Ammonia Refrigeration eTool
Personal Protective Equipment
Employees who work regularly with anhydrous ammonia and are subject to overexposure either to the liquid or the vapor should be provided with proper safety equipment. [29 CFR 1910.120(g)(3), 29 CFR 1910.132]
It is preferable that the goggles be gas tight; however, unventilated goggles tend to steam up, especially in hot and cold weather. Ventilated, splashproof goggles are more comfortable and will provide adequate protection in most instances. In addition, where splashing may occur, wear a full- face shield to protect the face. [29 CFR 1910.133]
Wear gloves impervious (not able to penetrate) to ammonia (neoprene gloves are recommended). Where there is a likelihood of a spill or during clean-up operations, wear both boots and shoe covers and slickers or jackets and pants made of ammonia-impervious materials. Wear gauntlets tucked inside the sleeves and trouser legs over the boots. If impervious clothing is not available, wear cotton, which is the preferred fabric for work clothing because it is more alkali resistant than wool and is more comfortable than all-synthetic fibers. Clothes, especially gloves, should also be insulated to prevent freezing of the skin.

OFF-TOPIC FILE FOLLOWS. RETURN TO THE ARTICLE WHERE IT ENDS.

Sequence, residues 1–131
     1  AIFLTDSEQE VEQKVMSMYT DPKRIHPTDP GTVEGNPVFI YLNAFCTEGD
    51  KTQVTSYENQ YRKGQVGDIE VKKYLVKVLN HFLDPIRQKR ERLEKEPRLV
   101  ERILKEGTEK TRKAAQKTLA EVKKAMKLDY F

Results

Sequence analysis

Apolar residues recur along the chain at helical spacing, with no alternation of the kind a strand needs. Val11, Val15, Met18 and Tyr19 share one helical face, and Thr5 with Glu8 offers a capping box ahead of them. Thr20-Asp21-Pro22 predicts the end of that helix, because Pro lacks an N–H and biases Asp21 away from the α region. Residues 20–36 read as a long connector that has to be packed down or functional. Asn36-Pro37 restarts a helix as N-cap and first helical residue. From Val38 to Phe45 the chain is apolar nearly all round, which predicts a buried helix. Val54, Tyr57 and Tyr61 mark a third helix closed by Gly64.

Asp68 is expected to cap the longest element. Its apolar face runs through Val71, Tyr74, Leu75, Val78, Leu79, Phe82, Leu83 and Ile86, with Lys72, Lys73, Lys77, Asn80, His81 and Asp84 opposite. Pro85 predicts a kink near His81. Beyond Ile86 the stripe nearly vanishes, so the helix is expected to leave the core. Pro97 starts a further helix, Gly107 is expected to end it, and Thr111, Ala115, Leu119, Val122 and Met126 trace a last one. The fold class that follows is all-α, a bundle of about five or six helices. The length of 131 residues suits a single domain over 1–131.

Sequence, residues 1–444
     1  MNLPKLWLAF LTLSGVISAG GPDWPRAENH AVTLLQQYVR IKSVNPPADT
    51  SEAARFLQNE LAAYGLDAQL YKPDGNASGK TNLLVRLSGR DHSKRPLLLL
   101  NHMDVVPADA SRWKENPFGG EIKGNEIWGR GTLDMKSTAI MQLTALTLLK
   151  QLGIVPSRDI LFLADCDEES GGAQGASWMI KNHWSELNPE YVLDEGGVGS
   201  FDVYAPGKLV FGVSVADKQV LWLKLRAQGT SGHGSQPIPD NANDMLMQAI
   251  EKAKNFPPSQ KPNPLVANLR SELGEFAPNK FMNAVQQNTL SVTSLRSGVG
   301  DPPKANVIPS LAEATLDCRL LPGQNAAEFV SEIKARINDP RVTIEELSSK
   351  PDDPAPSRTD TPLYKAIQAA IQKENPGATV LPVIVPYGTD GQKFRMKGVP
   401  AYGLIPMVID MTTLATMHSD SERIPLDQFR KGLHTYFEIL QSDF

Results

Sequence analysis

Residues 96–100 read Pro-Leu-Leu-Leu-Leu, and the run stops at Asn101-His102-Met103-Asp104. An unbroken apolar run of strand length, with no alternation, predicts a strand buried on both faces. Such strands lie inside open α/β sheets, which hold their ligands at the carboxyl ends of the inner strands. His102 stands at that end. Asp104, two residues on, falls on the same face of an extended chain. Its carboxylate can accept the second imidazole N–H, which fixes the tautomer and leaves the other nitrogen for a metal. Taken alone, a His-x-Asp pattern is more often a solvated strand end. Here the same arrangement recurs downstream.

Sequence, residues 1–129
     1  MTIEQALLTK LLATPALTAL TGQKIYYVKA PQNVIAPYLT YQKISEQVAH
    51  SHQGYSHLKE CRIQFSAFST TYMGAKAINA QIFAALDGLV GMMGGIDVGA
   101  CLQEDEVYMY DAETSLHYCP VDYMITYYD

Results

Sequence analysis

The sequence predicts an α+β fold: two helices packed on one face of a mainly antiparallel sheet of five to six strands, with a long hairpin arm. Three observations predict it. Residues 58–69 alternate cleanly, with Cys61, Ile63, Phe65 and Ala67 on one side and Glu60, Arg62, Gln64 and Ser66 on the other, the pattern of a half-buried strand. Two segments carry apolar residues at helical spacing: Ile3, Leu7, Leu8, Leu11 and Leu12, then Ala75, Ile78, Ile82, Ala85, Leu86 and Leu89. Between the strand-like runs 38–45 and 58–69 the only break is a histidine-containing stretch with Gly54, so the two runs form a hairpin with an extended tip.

The term "gas mask" normally applies to respiratory equipment consisting of a negative-pressure full facepiece with a chest or back mounted canister. This is the respiratory equipment most familiar to ammonia workers. Where respiratory equipment is used, a minimal respiratory protection program should be instituted in accordance with [29 CFR 1910.134].
Respiratory Protection. OSHA eTool. The purpose of this eTool is to help you comply with the new OSHA respirator standard. This eTool will instruct you on the proper selection of respiratory protection and the development of change schedules for gas/vapor cartridges
Ammonia Refrigeration. OSHA Safety and Health Topics Page.
Personal Protective Equipment (PPE). OSHA Safety and Health Topics Page.
Respiratory Protection. OSHA Safety and Health Topics Page.
A Guide for Developing a Training Program for Anhydrous Ammonia Workers. National Institute for Occupational Safety and Health (NIOSH) Publication No. 79-119, (1978). Primarily emphasizes safety in the operation of facilities that handle anhydrous ammonia for agricultural purposes; however, the information included should interest all who handle anhydrous ammonia at other permanent installations. See the Table of Contents.